Row, Row, Row Your York Boat

(Story previously published in Urban NDN)

Have you ever had a life-changing experience when it comes to your health and wellness? A moment you now look back upon and realize it was a major turning point?

Mine couldn’t have come at a better time. At 33, I found myself overweight and under stress. My smoking habit had approached a pack a day, fast food was fast becoming my best friend, and exercise was nearly non-existent. I was feeling increasingly unhealthy, unhappy, and desperately seeking something to jolt me out of the slump.

Then one day I heard about an epic adventure in the form of a ‘living history’ television series called Quest for the Bay. Local company Frantic Films announced they were looking for eight ‘intrepid individuals’ to row a 19th Century York boat from Winnipeg to York Factory on the Hudson Bay.

It would involve equipment, supplies, clothing and provisions as they had in 1840. It meant no sleeping bags, no raingear, no sunglasses, no insect repellent. Not even toilet paper! It would require strength and guts, teamwork and tolerance, patience and persistence. It would be extremely laborious, tremendously difficult, and probably mostly horrible.

It was something I absolutely wanted to do.

So I set out as one of 500 people hoping to be selected. And after a lengthy and challenging submission process, the call finally came. I was IN! They had chosen ME! I was thrilled! Until I realized that now, I actually had to DO it. Ummm… what was I thinking??

When the eight “Yorkmen” met for the first time and were introduced to our vessel, it suddenly seemed a massive undertaking. Handcrafted in Norway House, the boat was beautiful. And big. It weighed close to 3,000 lbs, spanning 40 feet long and 8 feet wide. The oars were carved right from tree trunks, and looked enormous. It left me wondering how in the world we (especially me!) were going to be able to do this.

With help from Larry Duncan, our York boat coach, we learned how to row together, pulling the oars in synch and listening for the sound of the oarlocks knocking. It was exhilarating, and a skill that took extreme focus. If you didn’t pay attention, the force of the oar could knock you right off your seat – and that’s if you were lucky. The other option was for the oar to pin you in place and potentially crush your ribs.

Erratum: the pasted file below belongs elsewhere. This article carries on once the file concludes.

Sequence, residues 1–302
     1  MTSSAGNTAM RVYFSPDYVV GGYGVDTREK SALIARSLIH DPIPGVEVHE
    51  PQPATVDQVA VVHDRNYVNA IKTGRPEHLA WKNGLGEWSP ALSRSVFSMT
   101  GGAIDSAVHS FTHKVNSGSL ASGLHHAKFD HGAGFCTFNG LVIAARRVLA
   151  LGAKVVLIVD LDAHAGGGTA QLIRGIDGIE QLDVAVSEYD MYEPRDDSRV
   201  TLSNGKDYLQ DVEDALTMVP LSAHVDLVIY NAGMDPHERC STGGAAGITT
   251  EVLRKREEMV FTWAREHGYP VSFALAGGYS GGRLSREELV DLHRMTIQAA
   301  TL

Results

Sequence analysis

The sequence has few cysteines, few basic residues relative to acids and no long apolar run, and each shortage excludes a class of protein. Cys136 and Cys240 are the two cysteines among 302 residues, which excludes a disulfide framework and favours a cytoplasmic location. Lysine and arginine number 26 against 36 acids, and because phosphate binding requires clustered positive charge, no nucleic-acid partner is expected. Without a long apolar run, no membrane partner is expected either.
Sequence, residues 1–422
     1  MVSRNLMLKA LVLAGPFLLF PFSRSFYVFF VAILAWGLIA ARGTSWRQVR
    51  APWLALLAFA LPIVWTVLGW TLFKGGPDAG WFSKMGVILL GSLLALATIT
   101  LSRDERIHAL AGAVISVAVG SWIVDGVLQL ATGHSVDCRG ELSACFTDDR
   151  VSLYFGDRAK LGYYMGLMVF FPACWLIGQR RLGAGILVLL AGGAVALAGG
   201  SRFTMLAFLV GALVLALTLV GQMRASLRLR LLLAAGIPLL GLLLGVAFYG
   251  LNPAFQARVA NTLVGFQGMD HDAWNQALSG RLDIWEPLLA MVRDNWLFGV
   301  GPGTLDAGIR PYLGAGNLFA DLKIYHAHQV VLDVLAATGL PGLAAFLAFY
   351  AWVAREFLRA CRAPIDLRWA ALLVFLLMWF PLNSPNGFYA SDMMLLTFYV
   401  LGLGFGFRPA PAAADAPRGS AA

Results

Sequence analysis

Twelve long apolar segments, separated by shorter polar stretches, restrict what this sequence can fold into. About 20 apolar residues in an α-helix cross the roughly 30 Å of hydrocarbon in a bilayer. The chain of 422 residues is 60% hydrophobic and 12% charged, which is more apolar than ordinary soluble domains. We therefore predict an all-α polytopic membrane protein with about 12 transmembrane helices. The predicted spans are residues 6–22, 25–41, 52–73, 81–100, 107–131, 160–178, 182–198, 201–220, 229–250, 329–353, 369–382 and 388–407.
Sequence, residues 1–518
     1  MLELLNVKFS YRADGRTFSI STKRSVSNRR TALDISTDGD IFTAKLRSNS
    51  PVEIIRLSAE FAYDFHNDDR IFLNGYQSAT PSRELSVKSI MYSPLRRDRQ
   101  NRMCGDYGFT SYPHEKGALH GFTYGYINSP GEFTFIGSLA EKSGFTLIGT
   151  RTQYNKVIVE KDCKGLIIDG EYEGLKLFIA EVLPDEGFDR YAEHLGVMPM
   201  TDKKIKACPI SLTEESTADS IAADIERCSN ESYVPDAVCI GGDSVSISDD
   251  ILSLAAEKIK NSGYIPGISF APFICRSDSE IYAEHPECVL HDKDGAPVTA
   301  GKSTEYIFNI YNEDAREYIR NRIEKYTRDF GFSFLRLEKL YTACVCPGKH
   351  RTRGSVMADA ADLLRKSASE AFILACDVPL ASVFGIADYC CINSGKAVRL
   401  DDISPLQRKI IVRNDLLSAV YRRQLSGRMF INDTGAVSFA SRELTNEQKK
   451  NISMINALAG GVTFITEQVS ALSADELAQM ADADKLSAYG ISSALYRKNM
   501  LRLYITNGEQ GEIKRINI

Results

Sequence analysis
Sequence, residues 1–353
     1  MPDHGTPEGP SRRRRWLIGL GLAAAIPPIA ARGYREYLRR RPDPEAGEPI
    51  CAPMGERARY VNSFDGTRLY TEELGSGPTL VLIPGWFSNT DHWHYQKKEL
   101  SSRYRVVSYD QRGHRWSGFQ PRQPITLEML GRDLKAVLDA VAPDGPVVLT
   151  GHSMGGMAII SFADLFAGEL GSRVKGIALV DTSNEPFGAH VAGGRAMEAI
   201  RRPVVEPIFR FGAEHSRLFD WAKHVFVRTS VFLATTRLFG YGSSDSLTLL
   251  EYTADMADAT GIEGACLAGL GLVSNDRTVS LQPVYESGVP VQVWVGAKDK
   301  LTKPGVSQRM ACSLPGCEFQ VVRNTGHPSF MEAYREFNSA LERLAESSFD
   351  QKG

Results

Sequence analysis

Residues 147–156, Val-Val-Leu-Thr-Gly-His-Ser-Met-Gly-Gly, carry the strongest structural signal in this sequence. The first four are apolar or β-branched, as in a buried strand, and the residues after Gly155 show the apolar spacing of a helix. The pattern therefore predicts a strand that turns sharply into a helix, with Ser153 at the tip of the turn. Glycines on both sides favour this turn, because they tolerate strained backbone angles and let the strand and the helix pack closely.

After only a few hours both my mind and body ached. I discovered muscles in my hands I didn’t know existed. The thought of rowing this boat for 12 hours a day, seven days a week, all the way to the Hudson Bay seemed ludicrous, and an insurmountable task. Once again… what was I thinking??

A few days before leaving, we had lunch at a Chinese restaurant – one of the last good meals I would enjoy for a long time. When I got to the fortune cookie, the message was eerily prophetic: Your path is arduous but will be amply rewarding. It was like the cookie knew exactly what I was about to do.

I would think about that message whenever life as a 19th Century Yorkman got horrendously difficult. And it often did. Over the course of 61 days, we traveled 1200 km, crossed ten lakes, confronted four rivers, fought five portages, and battled 50 sets of rapids. We suffered blistered hands, aching backs, swarms of insects, blazing heat, freezing cold, pelting rainstorms, rotten pemmican, and moldy oats.

Many times we wondered if we would ever reach York Factory. We doubted ourselves, struggled with our surroundings, and questioned our sanity. We were challenged individually and collectively, and forced to get by solely with what we knew and only with what we had. It was an exercise in depravation and determination. It was arduous to the extreme.

It was also the most amply rewarding time of my life.

Although I didn’t know it then, Quest for the Bay would ultimately be my saving grace. By accepting its challenges and difficulties, it became an exercise in empowerment. Nine weeks of living like an 1840’s Yorkman put modern life into perspective, and I began to see things differently.

I came to realize that in the 21st Century, we live in a world of abundance. We have the ability to make better choices, to live healthier and happier, to enjoy our happenings. So when I returned home, I vowed to make changes. I would eat better, exercise my body more, and worry less. I would appreciate life and embrace all it has to offer.

Even though Quest for the Bay happened nine years ago, my quest continues today. I’m still learning to make better choices for myself, and will admit that it’s not always easy. So the path to healthier living is still arduous.

But, like the fortune cookie also says, it will be – and already is – amply rewarding.